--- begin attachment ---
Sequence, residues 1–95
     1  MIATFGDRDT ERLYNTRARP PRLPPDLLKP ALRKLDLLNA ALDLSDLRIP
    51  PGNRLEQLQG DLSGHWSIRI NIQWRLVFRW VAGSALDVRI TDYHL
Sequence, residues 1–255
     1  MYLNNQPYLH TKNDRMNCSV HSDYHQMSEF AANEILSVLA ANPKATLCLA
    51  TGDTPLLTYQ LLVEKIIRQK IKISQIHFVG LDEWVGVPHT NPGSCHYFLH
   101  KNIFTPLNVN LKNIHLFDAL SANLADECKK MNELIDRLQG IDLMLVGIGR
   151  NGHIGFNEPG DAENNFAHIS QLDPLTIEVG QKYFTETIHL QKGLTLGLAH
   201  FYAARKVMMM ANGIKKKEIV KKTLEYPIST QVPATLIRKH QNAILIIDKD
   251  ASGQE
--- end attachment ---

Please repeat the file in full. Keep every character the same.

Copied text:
Sequence, residues 1–95
     1  MIATFGDRDT ERLYNTRARP PRLPPDLLKP ALRKLDLLNA ALDLSDLRIP
    51  PGNRLEQLQG DLSGHWSIRI NIQWRLVFRW VAGSALDVRI TDYHL
Sequence, residues 1–255
     1  MYLNNQPYLH TKNDRMNCSV HSDYHQMSEF AANEILSVLA ANPKATLCLA
    51  TGDTPLLTYQ LLVEKIIRQK IKISQIHFVG LDEWVGVPHT NPGSCHYFLH
   101  KNIFTPLNVN LKNIHLFDAL SANLADECKK MNELIDRLQG IDLMLVGIGR
   151  NGHIGFNEPG DAENNFAHIS QLDPLTIEVG QKYFTETIHL QKGLTLGLAH
   201  FYAARKVMMM ANGIKKKEIV KKTLEYPIST QVPATLIRKH QNAILIIDKD
   251  ASGQE